Monday, September 14, 2015

Sears Tower on Biscayne Boulevard...Then and Now

Miami Daily News, Nov. 13, 1929. 

1930s. (Click to enlarge)

Miami Daily News, Oct. 10, 1954



Miami Herald, Saturday, February 5, 1983
by DAN FESPERMAN Herald Business Writer

After 54 years of selling everything from pajamas to power saws in downtown Miami, Sears , Roebuck and Co. will desert its deteriorating Biscayne Boulevard store this summer for greener pastures in the sprawling suburbs.

In Friday's announcement of the closing, scheduled for June or July, Sears officials blamed poor sales and the age of the building, which has become an Art Deco landmark and a rallying point for historic preservationists.

Sears announced that it also will close its Northside Shopping Center department store, at NW 79th Street and 27th Avenue in Liberty City, and a smaller appliance-catalog store at 8682 SW 24th St., to redirect its efforts toward more lucrative markets.

Stewart Thomas, Sears ' South Florida district manager, said that employes of all three stores will be offered jobs at the company's other stores. Those jobs will be available because of two stores scheduled to open -- one at the new Aventura Mall and the other at Miami International Mall.

Sears had hoped to stay downtown, Thomas said, but virtually gave up last spring when plans to rebuild the Biscayne Boulevard store fizzled.

Those plans, which stirred opposition among advocates of historic preservation, would have razed the old four-story building and its 66-foot tower to make way for a two-block complex of stores, offices and hotel rooms.

But the combination of a sluggish economy and a bank foreclosure on an adjacent property persuaded the project's Canadian developer, Cadillac Fairview Corp., to drop its plans, and the company's option on the land expired last March.

"After that fell through," Thomas said, "we couldn't make economic sense of it any more."

Fred Flagler, a Sears spokesman in the company's Southeast headquarters in Atlanta, said, "The cost of refurbishing the building far outweighed the actual benefits we could have gotten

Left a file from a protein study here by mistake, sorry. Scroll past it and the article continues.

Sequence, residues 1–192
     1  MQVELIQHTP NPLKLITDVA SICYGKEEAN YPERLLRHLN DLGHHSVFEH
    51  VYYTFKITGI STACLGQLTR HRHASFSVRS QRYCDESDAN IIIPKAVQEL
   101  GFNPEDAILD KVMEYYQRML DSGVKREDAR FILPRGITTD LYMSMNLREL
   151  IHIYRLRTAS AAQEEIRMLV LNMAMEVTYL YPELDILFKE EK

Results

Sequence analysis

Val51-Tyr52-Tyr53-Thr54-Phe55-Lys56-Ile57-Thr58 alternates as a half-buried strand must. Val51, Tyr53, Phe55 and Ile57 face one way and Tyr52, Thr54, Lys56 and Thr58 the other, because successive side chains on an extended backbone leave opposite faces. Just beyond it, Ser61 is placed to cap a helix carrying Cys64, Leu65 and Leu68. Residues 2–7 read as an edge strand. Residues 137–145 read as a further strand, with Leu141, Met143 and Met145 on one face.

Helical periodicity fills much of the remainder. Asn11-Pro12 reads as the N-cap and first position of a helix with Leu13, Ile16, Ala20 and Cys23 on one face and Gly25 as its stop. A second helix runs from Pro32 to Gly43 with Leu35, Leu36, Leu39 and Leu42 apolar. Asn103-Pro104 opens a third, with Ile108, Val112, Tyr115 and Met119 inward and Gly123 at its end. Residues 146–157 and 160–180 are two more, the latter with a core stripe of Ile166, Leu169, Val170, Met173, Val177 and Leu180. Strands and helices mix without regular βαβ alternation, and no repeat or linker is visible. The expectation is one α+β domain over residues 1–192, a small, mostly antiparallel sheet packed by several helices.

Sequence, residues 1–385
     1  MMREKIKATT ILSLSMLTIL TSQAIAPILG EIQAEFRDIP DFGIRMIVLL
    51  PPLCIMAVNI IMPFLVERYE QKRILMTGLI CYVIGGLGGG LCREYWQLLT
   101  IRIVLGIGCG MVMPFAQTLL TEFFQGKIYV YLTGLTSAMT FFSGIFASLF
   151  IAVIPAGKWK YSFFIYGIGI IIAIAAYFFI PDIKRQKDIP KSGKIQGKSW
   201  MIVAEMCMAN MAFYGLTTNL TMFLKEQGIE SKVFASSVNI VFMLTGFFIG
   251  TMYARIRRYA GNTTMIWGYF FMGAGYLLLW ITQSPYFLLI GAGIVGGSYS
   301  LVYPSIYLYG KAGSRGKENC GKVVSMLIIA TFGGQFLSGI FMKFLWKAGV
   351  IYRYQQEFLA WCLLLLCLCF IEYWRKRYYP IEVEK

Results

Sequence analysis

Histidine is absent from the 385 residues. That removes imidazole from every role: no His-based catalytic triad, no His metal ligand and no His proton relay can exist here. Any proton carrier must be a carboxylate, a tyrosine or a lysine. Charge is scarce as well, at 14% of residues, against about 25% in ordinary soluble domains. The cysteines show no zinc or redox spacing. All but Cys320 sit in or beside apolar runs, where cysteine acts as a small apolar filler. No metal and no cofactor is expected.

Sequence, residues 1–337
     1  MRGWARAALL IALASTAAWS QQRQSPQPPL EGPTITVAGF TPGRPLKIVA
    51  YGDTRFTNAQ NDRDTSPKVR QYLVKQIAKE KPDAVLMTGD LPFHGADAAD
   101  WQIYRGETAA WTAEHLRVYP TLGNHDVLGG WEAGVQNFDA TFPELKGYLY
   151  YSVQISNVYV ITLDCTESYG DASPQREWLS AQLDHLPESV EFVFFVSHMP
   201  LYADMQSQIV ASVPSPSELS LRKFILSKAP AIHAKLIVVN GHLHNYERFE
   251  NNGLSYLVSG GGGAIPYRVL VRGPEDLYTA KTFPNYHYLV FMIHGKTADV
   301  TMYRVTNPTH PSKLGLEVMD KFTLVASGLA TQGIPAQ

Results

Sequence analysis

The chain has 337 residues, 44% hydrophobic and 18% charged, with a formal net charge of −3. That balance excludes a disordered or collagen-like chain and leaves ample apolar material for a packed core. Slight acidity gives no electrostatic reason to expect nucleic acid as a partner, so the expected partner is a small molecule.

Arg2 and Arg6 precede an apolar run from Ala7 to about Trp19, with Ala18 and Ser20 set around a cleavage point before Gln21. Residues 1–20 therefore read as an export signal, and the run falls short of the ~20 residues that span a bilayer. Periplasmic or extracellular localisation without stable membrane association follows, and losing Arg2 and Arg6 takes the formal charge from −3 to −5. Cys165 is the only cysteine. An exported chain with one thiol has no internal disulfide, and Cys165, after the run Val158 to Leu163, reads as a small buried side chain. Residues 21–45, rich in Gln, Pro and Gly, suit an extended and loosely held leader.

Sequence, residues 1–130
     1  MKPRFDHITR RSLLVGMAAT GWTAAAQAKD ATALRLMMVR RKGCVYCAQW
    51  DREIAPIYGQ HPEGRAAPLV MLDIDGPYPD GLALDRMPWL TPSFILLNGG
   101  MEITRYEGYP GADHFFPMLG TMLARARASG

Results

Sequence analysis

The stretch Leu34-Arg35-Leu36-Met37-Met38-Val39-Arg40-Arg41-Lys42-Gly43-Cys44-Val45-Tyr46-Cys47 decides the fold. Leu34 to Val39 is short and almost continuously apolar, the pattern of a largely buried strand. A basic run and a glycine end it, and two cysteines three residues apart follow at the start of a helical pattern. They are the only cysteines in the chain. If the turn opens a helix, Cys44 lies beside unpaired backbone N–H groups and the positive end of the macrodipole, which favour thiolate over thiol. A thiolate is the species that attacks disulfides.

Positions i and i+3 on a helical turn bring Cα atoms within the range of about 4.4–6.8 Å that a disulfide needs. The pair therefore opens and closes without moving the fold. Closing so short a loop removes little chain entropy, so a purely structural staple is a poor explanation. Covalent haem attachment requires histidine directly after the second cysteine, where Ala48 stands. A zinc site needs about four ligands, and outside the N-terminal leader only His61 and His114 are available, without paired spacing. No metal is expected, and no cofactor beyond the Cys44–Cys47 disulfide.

from it."

The store also has been a victim of a boom-bust business cycle downtown.

Two years ago, business downtown was thriving, thanks mostly to a surge of Latin American tourists. It was no surprise in those days to see shoppers buy stacks of 10 to 20 shirts or slacks at a time.

But when Central and South American countries began devaluing and restricting their currencies, the number of tourists dropped dramatically, and those who came spent less.

"After that great influx, we've been hurt like everyone else as the buying has dropped off," Thomas said.

As for the fate of the historic tower, the options include "about anything you could imagine," according to Flagler.

Ralph Russell, another Sears official in Atlanta, said, "If anybody wants to buy it, then I guess it would be for sale, but as for now I guess we'll just hang on to it."

Joyce Meyers, the city of Miami's heritage conservation officer, said Friday afternoon that she and Sears officials will meet before the end of the month to discuss how Sears might use city and federal tax incentives to attract a developer to the property.

Because the tower is listed on the Dade County historic survey, a hearing would be required before it could be destroyed.

For now, the tower stands on the threshold of garnering extra protection from both the city and the federal government, although neither would guarantee the building's survival.

On Feb. 28, the city of Miami's nine-member Heritage Conservation Board will hear a proposal to protect the building under the city's new historic preservation ordinance.

In addition, Meyers said, the tower is eligible to be placed on the national register of historic sites. Either the city or the owners could nominate the building for the distinction, Meyers said, and the listing would mean that developers could receive a 25 per cent federal tax credit for money spent to renovate the building.

The closing of the store Sears leases in Liberty City, where a Woolco closed last month, is less likely to leave a gap for long.

Officials of the Edward J. DeBartolo Corp. confirmed Friday that they will pick up the lease for the 183,000-square foot store once Sears leaves.

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